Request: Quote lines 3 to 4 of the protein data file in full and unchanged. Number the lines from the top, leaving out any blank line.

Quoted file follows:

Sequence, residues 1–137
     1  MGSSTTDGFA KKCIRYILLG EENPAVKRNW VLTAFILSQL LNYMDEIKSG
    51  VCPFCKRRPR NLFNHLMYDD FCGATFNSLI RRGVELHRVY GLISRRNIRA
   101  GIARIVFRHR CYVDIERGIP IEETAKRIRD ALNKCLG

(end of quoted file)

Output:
    51  VCPFCKRRPR NLFNHLMYDD FCGATFNSLI RRGVELHRVY GLISRRNIRA
   101  GIARIVFRHR CYVDIERGIP IEETAKRIRD ALNKCLG